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Exodus is on fire, but will it last?

The Web hosting firm's customer roster reads like an Internet celebrity poll, it's stock is thriving, and the company is growing 40 percent quarterly--but in this intense sector, can the company keep it up?

In Web hosting, Exodus is on top of the world.

Exodus's customer roster reads like an Internet celebrity poll: eBay, Fox News and Sports, Lycos, MSNBC, Nordstrom, and Reebok, for starters. The company's stock is thriving, its market value is a whopping $5.42 billion, and the company has been growing 40 percent quarterly.

The Santa Clara, California-based company, which went public last February and has built 15 warehouses that house data servers used to connect thousands of surfers to Web sites, is partnering with database giant Oracle and providing hosting services to hot applications service providers like Corio.

Wasserstein Perella upgraded Exodus to a "buy" today, while analyst Richard Juarez at Robertson Stephens reiterated his "buy" rating as well, with a 12-month target price of 138 per share. The company is trading at 65.25 today.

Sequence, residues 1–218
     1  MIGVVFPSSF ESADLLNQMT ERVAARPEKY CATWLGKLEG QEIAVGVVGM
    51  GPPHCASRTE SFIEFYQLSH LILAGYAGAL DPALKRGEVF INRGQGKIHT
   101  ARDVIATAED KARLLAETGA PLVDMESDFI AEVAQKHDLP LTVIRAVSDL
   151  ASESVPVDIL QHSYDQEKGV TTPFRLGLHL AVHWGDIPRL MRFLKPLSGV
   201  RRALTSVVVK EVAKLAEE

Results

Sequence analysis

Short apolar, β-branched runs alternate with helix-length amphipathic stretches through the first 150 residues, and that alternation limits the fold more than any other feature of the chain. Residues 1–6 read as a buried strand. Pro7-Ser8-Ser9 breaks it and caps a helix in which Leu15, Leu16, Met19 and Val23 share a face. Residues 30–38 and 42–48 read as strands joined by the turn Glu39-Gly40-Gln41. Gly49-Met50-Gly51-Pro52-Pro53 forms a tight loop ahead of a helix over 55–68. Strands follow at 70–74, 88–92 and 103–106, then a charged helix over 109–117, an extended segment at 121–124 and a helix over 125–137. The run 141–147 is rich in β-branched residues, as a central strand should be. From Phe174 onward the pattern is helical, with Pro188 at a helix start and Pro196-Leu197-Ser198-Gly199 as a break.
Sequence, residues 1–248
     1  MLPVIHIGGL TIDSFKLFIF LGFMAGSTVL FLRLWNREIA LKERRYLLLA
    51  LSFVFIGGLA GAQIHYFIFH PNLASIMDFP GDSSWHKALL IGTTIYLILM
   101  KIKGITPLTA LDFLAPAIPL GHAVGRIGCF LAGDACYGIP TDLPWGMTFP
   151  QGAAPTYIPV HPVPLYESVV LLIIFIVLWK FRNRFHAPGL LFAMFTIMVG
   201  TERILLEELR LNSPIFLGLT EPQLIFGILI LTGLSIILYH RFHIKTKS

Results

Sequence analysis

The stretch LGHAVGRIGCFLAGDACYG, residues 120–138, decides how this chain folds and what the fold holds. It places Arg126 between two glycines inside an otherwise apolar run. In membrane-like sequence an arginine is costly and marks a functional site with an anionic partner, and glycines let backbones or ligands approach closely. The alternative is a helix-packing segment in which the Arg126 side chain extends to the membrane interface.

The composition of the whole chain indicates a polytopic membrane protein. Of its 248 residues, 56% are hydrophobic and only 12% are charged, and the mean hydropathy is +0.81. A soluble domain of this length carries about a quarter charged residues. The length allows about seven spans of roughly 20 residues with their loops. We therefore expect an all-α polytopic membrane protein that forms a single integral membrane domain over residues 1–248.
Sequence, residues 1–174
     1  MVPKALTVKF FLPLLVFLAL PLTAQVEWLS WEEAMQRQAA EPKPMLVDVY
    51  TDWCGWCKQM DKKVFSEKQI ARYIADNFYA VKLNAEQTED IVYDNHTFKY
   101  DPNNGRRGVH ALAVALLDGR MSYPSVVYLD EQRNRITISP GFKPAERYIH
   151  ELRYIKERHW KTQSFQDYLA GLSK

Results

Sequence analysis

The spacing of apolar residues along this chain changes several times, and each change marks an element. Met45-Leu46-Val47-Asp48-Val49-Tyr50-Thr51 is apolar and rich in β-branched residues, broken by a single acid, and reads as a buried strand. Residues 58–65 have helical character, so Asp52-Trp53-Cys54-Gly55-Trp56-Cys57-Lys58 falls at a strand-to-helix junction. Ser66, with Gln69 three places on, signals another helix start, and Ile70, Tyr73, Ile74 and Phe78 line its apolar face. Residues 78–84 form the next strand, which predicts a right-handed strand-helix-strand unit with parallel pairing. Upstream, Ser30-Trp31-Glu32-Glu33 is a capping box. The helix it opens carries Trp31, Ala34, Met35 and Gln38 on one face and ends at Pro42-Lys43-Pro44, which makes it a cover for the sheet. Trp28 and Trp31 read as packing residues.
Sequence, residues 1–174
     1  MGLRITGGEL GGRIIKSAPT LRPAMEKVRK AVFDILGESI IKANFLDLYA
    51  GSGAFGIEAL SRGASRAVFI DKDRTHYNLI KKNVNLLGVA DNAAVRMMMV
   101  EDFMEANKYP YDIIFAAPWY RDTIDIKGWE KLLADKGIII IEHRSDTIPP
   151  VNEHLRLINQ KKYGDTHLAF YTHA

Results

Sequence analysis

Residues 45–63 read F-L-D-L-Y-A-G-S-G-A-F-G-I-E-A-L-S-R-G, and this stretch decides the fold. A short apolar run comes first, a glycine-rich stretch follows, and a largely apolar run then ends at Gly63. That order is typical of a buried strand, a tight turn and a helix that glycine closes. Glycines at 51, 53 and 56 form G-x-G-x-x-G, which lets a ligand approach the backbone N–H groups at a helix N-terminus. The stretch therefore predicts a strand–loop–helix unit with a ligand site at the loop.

But for Exodus and other hosting companies such as AboveNet, Digex, and Verio, the market is becoming increasingly crowded, making their future less certain as giant corporations with big war chests and unlimited network resources join the hosting fray.

The growing list of companies expanding in the hosting market includes Intel, which recently made a $1 billion investment in a Web hosting effort called Intel Online Services; AT&T, which said last month it plans to build 26 data centers over the next three years; and MCI WorldCom, which also recently said it will invest $100 million in a data hosting business.

Meanwhile, Frontier's GlobalCenter is building six more data centers to add to an already thriving hosting business, and GTE has an established business in GTE Internetworking. Though their business models may differ, all companies that offer hosting services are providing backup power systems, multiple connections to Internet backbones, and some duplicate servers.

Having an advantage
Telecommunications companies say they have an obvious advantage as hosts: they own the network required to make any hosting operation work. Analysts say companies like Exodus that are required to contract for network services to move huge amounts of data may end up increasingly passing those costs on to their customers

"Telecoms could clean up in this market because they're already [contracting] in the companies," said Bruce Caldwell, an outsourcing analyst at Gartner Group. "They're known and trusted by small- and mid-sized businesses." But on the flip side, Caldwell said he has doubts about whether carriers have the background or experience to manage huge data center operations.

J.P. Morgan financial analyst Mark Langner agreed, arguing that the companies that will win are focused on moving quickly to grab new customers and meet their Internet needs.